It’s true, I’m a de-friender.
You probably find it ironic that I keep my blog 100% public, but am very careful about who I add on Facebook. When you think about it, though, Facebook is an entirely different beast. On my blog(s), I have absolute control over what gets posted and what does not. On Facebook, I am often at the mercy of my friends and the applications to which I’ve subscribed. Though I do my best not to post anything I wouldn’t want my Grandma to read, my Facebook wall tends to be more candid than anything I publish elsewhere on the web, and it’s impossible to control what your friends tag you in and applications that alert the entire Facebook world every time you read a news article.
It’s particularly important to safeguard your contact and other personal information from people you don’t know, and Facebook’s constant interface “upgrades” make it difficult to keep up with who can see what on your page. This is the main reason I periodically weed out people from my friends page – to protect my privacy and to preempt Facebook’s changes.
Usually, my policy is if I don’t feel comfortable writing “Happy Birthday” on your wall once a year when that day rolls around, then I probably should not be your Facebook friend. But lately I have modified my friend qualifications.
When deciding whether or not to de-friend someone, I ask myself these questions:
1) Are they a person?
If you are a gallery, store, restaurant, or other organization, you should not have a profile page. I will “like” your fan page; I might even join your group, but I will not add you as a friend.
2) Do I recognize them? Would they recognize me?
Sometimes, I add someone as a friend (or accept their friendship) after just meeting them, but then I have no further interaction with them. After a while, I forget who they are completely. So I delete them. Even if I do recognize them, I ask myself, “Would they recognize me? Would they wave to me if they saw me in the street?” If the answer to those questions is no, they get the axe.
3) Have I communicated with them in the last year?
This one is not definite, and I refer to #4-7 for exceptions, but generally, if I have not communicated with someone in any way, shape or form (basically, have we acknowledged each other’s existence) in a year or longer, I de-friend them.
4) Are they related to me?
This includes not only blood relatives, but family friends, childhood friends, and siblings’ best friends and significant others.
5) Are we former friends?
I have several Facebook friends with whom I was close at some point, but our friendship has since lapsed. Even though we haven’t talked in over a year, I know we’d say hi to each other if we passed on the street.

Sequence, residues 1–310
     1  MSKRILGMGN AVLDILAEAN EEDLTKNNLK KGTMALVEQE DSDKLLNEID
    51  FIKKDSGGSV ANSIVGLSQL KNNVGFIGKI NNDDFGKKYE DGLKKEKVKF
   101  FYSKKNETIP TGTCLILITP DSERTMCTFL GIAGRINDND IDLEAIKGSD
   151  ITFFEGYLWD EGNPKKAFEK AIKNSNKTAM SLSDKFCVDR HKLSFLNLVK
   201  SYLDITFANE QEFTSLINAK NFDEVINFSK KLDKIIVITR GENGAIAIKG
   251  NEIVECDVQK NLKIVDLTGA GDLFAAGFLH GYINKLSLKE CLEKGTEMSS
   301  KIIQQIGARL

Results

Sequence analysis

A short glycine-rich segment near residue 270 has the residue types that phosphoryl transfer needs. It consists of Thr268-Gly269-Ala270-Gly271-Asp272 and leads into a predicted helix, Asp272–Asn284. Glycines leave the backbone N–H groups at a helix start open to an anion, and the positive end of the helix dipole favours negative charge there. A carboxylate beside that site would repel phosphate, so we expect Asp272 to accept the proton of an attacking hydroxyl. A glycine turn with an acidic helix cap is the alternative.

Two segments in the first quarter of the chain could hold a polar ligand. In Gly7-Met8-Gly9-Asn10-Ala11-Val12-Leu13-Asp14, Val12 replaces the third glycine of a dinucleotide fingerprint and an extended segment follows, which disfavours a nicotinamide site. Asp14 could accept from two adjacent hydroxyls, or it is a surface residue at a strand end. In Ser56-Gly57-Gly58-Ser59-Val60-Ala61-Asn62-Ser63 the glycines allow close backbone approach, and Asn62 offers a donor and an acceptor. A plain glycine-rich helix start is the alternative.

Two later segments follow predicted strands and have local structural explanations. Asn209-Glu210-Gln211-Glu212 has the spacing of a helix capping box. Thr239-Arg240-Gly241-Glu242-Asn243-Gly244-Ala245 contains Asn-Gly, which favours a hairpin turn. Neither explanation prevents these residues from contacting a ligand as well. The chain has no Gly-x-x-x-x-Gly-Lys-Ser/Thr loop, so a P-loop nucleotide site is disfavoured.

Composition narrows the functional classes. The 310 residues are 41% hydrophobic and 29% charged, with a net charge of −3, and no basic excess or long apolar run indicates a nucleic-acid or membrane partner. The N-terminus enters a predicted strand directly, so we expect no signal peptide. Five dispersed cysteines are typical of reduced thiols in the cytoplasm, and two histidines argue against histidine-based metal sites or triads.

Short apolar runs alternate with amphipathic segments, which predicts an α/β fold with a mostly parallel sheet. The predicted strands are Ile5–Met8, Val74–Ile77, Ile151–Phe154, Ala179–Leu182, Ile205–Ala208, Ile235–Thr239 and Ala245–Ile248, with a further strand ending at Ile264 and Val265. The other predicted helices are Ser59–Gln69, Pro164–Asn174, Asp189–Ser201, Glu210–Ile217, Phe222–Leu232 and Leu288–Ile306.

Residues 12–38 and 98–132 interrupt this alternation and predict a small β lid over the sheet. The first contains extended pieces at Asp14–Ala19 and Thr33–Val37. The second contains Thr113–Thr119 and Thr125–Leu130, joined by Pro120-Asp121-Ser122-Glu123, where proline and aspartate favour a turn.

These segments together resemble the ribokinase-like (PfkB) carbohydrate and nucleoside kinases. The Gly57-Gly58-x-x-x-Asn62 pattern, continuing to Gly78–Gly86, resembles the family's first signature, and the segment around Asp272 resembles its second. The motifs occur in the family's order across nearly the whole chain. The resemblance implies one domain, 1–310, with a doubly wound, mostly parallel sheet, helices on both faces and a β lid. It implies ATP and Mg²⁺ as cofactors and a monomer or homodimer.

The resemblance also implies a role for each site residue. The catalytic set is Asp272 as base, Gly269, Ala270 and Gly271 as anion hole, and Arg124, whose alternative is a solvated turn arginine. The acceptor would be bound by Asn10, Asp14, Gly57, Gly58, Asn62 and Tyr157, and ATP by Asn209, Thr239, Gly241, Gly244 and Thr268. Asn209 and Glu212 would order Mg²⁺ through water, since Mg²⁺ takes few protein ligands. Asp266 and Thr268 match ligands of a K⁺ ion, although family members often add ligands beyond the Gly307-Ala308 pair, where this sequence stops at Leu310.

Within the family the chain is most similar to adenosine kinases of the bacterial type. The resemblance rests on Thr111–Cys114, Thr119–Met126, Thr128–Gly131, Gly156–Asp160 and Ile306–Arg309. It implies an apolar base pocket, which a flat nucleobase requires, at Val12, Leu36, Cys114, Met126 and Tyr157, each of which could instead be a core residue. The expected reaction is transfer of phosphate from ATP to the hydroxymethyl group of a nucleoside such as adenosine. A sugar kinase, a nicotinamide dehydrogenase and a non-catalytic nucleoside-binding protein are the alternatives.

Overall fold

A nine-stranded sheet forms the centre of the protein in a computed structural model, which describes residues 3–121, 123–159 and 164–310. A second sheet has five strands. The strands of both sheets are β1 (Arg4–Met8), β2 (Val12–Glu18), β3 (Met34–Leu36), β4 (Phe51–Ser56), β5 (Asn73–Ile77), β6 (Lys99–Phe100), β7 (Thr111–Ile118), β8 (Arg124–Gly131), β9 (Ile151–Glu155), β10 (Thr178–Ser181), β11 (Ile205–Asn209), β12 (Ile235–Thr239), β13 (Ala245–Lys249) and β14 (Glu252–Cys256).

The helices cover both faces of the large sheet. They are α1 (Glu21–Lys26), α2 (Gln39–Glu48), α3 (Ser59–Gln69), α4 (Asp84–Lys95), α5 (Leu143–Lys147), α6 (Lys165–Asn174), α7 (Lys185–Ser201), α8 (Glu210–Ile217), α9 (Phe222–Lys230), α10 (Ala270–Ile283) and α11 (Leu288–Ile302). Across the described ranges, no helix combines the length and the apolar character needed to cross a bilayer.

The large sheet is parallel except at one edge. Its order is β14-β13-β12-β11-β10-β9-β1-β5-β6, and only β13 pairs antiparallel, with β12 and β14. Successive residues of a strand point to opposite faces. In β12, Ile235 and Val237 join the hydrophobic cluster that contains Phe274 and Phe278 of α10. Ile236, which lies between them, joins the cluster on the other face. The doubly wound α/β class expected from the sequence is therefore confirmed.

6) Have we worked together?
This one is a bit tricky, because you don’t want to share too much personal information with business associates. However, I feel that maintaining that relationship however you can, especially if you work freelance, may keep you in the back of their minds (or them in the back of yours) for some project down the road. Besides, I have other measures of restricting content on my Facebook page (see below).
7) Do I consider them cool/interesting/nice/non-creepy or otherwise worth keeping up with?
This one is for people that don’t fall into one or more of the above categories, but I’d like to keep up with them because they seem like someone with whom I’d get along and/or I’d like to be friends with them but just never had the opportunity to get to know them better.
Besides de-friending people, there are other ways to restrict what others can see on your profile. One of my favorite tools on Facebook is the “View As…” button. This is located on your profile page under the settings wheel button. You can type in any name or group to see exactly what they can see on your page. You can also see how the general public views your page.
Create groups and restrict what they can see. I got on board with this idea as soon as Facebook created groups, though it took ages to sort all of my friends. Groups are extremely convenient (once you’ve sorted your existing friends) because you need only add each new friend to a certain group, say “work” or “relatives” or “best friends”, and what they can view will be restricted according to your settings for that group. (As a side note, these types of groups are the basis for the Google+ interface). Facebook has recently added easier-to-use pre-made groups such as “acquaintances” and “close friends”, as well as categorizing people by work or location. You can also now restrict individual posts to certain people if you want.
I’m here to say, it’s OK to be that girl (or guy). If you’re worried about hurting someone’s feelings, remind yourself that your privacy should be top priority, and go ahead and click that “delete friend” button.